Unconditional Support

by Jeff Sherry

One day about four years ago, when Noah Reedy was 10, he scrawled some thoughts in a notebook.
“I wish I could do something,” he wrote, “but I can’t do anything.”
Everything seemed difficult to Noah back then. Writing sentences, solving simple math problems, making friends — daily life brought daily frustration.
Even now, as a 14-year-old with learning disabilities and health concerns, Noah is considered a bit of a misfit among the eighth-graders at St. Paul’s Expo Middle School. But none of that seems to bother him as much anymore.
Now he’s got the Gophers.
Over the past three years Noah Reedy and the Minnesota Gophers football team have developed a genuine, mutually beneficial friendship. Noah gives the team unconditional support and enthusiasm. The team gives Noah confidence and a sense of purpose.
“We think of Noah as a real focal point of the team,” Gophers senior Rodney Heath said. “We’re going out to win for our families, our coach and ourselves; we’re also going out to win for Noah. We’re real thankful he can look up to us, and that we can be a bright part of his life.”
Coach Jim Wacker says Noah is “the No. 1 fan in the world,” and it’s easy to see why. Each week Noah visits practice, writes letters and makes signs for the team. His family attends every home game and goes to as many road games as they can afford. The end of last week’s letter to the team exemplified his dedication: “I am saving my money for the bowl game. I am going with you. Your friend, Noah.”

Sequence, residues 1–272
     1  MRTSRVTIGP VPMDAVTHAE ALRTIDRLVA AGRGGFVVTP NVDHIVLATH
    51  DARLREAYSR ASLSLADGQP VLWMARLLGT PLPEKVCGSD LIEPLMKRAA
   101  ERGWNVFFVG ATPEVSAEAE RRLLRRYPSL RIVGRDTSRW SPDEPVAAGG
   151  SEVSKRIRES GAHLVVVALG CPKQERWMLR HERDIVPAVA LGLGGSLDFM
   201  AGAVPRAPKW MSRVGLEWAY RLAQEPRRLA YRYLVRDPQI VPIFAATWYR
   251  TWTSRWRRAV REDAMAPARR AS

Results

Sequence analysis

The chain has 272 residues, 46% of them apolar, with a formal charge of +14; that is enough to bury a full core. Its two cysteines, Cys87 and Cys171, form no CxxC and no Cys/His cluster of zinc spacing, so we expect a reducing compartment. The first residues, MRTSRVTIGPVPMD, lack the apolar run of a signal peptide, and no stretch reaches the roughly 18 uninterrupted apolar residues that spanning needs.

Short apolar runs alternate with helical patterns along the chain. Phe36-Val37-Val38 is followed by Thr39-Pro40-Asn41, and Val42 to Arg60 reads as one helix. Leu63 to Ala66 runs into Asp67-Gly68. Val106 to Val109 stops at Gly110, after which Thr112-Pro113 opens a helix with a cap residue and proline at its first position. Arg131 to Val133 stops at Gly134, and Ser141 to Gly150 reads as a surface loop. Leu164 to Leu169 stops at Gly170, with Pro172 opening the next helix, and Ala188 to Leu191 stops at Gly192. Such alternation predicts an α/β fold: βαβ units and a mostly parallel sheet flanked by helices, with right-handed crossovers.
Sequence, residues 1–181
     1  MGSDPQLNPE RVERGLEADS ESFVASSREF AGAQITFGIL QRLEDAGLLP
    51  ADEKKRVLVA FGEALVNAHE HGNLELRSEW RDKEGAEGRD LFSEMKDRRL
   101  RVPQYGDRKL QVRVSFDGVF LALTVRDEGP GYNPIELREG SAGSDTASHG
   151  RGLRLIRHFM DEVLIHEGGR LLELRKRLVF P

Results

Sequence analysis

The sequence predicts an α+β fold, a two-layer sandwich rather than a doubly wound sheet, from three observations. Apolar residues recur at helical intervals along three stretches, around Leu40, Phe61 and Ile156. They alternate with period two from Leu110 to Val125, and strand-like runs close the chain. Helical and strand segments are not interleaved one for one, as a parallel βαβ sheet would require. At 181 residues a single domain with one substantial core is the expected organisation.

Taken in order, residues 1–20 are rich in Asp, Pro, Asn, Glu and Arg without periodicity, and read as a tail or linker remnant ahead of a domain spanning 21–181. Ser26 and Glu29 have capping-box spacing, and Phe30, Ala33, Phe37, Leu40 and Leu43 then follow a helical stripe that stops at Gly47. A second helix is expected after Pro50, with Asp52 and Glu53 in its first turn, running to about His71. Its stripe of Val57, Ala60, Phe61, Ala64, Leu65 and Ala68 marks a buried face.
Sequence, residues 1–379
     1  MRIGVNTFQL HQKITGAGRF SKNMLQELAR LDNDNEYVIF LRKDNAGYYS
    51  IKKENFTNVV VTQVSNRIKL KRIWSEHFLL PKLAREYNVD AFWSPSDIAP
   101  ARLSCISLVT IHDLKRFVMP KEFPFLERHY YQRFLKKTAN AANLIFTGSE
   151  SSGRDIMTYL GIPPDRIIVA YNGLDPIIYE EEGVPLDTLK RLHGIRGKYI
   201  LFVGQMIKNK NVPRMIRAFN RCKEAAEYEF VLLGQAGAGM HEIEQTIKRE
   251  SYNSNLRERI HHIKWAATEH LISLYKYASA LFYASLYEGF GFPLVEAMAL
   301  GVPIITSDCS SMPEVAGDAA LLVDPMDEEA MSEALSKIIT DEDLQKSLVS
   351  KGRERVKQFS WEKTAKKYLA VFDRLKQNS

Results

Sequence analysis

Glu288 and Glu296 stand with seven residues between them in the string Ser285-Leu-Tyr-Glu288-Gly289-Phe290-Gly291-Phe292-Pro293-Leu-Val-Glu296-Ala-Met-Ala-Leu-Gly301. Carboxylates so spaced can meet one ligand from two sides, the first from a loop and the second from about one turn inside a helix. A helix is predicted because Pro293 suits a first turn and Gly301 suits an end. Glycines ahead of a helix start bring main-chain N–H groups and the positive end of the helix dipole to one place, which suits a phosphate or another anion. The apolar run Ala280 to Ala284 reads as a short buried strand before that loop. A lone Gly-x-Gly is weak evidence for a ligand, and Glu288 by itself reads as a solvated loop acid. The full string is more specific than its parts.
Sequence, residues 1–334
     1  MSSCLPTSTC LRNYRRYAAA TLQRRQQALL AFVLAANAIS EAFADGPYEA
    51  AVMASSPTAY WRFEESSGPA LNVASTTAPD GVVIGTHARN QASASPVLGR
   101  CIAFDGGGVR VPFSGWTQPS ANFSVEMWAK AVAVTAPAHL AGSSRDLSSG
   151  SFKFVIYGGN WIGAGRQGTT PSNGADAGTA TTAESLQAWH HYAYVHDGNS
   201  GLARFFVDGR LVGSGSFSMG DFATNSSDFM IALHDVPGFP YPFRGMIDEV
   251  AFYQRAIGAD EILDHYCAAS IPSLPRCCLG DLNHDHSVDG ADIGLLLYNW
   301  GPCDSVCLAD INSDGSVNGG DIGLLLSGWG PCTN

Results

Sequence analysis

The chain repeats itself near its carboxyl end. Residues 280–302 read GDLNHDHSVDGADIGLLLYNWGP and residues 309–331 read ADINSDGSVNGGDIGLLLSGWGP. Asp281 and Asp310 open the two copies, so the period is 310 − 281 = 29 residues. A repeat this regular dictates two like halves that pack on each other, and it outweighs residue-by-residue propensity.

Of course, it isn’t easy being a Gophers football fan. Saturday’s 27-9 Homecoming loss to Michigan State may have sent Minnesota on the way to its sixth-straight losing season. So, of all teams, why would he root so hard for the Gophers?
Noah’s personal and medical history provide the answer. He was born in the Philippines with birth defects. His right eye was closer to his ear than to his nose, and his brain had ruptured through his sinus cavities. His birth parents abandoned him as a baby and he was found in a pile of garbage.
A children’s shelter took Noah in, but could only help temporarily. When he was 13 months old he required surgery to relieve built-up pressure inside his skull. No one in the Philippines could perform the procedure, so the shelter appealed to then-First-Lady Imelda Marcos for an emergency medical passport. She granted it, and Noah was immediately put on a flight to the Twin Cities.
Licensed foster parents Hank and LaVonne Reedy awaited his arrival. They knew of Noah’s condition and agreed to look after him while he received treatment. But LaVonne said she decided to make the arrangement permanent the moment she saw him.
“The young man who brought him over was holding him, and Noah kind of pushed around his shoulder and reached for me,” said LaVonne, who later became his legal parent. “That was all it took.”
They rushed him to the hospital, where doctors gave him 12 hours to live. Plastic tubes were put under the skin on each side of his head to drain the fluid from his brain. Major reconstructive surgery followed more than two years later.